Phil Schiller again defends Touch Bar MacBook Pro's 16GB RAM limitation
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Apple SVP of Worldwide Marketing Phil Schiller is on a personal quest to stop the spread of misinformation about the company's new MacBook Pro flagship, as the executive penned another email outlining the why and how of Apple's decision to limit RAM allotments to 16GB.
Schiller in a brief response to an article published by developer Ben Slaney explained Apple's decision to use speedy and efficient LPDDR3 memory, of which Intel's latest processors can handle up to 16GB, was in large part due to battery life concerns.
"The MacBook Pro uses 16GB of very fast LPDDR memory, up to 2133MHz," Schiller said. "To support 32GB of memory would require using DDR memory that is not low power and also require a different design of the logic board which might reduce space for batteries. Both factors would reduce battery life."
The response clarified an error in Slaney's attempt to explain why MacBook Pro with Touch Bar models maxed out at 16GB of RAM, which claimed the LPDDR3E specification tops out at 1866MHz.
As noted by AppleInsider in October, the Intel Skylake CPUs deployed in Apple's new MacBook Pro units only support up to 16GB of LPDDR3 RAM at 2133MHz. Intel does market products capable of addressing more than 16GB of memory, but those chipsets rely on less efficient DDR4 RAM.
Ultimately, MacBook Pro will need an emerging memory technology like LPDDR4 or DDR4L to achieve higher allotments with similar or better battery life performance. Apple will likely implement fast and efficient LPDDR4 memory in a future MacBook Pro with Intel's Kaby Lake processors, though silicon supporting the RAM standard is not due for release until the end of 2017.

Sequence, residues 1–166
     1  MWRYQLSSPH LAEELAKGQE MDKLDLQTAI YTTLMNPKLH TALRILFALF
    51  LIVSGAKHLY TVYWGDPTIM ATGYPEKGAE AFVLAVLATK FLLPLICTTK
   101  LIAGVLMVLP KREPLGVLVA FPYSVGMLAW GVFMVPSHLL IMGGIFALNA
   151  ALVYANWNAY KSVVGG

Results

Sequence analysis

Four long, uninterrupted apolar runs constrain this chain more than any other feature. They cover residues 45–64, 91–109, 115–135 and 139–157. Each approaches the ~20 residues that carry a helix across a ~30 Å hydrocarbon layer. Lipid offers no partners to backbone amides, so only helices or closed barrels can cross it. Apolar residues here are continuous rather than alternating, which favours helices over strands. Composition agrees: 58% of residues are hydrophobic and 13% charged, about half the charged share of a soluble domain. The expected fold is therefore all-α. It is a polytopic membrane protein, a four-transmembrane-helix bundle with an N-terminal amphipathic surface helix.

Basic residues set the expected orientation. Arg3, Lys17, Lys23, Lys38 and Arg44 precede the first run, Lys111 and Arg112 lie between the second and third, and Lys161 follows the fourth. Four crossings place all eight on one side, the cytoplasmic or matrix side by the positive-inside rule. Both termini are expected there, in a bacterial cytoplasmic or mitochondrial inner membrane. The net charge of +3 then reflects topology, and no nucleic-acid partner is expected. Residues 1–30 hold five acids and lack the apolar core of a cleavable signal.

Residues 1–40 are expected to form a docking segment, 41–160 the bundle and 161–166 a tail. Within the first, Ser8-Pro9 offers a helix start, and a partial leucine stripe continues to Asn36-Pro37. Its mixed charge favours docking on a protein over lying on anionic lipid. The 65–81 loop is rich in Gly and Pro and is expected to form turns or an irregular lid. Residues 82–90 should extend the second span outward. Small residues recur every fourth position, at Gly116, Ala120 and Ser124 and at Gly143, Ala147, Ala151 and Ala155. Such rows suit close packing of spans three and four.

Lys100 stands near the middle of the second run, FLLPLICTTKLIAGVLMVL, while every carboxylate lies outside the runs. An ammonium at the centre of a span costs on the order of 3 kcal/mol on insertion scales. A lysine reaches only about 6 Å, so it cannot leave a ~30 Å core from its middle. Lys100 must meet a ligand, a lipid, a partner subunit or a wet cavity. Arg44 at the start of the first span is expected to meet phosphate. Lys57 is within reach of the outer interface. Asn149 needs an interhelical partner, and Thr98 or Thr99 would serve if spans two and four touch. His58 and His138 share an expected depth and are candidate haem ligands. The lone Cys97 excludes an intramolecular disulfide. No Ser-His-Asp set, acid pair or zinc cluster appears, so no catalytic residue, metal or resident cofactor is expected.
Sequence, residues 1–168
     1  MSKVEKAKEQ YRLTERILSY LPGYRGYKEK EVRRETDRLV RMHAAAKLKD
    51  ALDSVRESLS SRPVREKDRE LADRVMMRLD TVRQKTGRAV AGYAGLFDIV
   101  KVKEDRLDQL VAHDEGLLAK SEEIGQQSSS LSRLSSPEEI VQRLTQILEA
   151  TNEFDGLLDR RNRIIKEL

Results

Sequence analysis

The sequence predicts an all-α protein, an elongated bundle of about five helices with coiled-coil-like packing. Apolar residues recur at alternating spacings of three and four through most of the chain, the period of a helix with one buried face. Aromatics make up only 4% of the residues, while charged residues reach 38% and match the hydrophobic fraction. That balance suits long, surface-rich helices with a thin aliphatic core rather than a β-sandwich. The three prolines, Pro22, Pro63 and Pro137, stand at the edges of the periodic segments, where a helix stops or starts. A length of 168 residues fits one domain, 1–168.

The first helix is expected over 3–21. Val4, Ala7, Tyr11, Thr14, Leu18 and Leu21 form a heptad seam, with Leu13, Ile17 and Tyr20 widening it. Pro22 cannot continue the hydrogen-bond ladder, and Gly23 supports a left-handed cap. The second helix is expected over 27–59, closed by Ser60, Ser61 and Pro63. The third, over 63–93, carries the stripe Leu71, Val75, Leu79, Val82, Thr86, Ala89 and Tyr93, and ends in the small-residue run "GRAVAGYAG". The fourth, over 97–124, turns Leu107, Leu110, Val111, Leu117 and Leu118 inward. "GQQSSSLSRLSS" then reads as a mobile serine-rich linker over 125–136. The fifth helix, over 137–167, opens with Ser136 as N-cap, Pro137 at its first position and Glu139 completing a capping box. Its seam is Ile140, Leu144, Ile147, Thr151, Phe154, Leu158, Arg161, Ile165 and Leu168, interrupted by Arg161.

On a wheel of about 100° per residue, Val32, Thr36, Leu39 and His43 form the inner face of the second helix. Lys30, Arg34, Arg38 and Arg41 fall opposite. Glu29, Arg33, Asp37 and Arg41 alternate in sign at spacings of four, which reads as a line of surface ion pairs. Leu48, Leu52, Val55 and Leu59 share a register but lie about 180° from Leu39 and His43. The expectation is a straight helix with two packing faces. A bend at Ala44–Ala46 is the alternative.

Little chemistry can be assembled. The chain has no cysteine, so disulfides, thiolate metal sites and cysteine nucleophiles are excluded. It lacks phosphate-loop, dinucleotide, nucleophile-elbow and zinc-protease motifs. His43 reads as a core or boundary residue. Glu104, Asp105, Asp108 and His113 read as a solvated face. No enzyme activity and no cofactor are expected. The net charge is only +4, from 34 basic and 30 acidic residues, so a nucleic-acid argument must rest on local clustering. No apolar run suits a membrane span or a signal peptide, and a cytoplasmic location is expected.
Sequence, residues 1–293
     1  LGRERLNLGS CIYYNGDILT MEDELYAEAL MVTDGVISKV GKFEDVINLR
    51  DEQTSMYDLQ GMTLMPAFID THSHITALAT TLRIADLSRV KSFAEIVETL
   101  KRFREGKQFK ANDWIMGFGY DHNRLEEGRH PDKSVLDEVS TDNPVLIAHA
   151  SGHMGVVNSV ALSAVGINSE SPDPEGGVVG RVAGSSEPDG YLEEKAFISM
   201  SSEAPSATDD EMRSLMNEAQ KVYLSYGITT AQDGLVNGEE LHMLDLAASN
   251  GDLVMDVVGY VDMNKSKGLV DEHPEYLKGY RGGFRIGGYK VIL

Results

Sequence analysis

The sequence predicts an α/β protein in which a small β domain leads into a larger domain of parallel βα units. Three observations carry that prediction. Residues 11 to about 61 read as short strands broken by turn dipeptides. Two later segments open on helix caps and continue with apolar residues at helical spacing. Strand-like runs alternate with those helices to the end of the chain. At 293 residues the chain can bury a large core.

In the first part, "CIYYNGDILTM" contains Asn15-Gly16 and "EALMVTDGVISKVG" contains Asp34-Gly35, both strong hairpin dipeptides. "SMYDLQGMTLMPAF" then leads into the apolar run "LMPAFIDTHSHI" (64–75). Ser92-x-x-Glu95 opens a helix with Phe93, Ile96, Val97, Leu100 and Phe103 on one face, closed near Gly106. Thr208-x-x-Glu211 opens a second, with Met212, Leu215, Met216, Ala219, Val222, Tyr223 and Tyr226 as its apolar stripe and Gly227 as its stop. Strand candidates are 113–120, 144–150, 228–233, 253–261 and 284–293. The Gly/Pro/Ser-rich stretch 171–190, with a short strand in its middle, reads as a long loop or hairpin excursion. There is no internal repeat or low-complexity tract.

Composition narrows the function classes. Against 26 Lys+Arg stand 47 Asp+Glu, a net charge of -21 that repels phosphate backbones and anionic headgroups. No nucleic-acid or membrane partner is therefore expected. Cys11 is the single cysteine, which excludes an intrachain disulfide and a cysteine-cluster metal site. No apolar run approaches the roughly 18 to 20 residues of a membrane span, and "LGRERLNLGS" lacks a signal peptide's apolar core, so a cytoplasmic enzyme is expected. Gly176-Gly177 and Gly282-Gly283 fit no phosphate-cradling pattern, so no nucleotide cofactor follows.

Apple has seen an unusual amount of criticism with the launch of this year's MacBook Pro with Touch Bar. From a lack of external ports to mediocre RAM allotments, critics say MacBook Pro fails to meet the needs of the professional demographic it targets.
For its part, Apple asserts its top-of-the-line laptop is an exercise in balancing performance with energy efficiency. In the case of system memory, underlying technology enabling high-capacity, high-efficiency RAM is simply unavailable at this time.
Schiller previously addressed the 16GB memory restriction in an email to a concerned customer last month.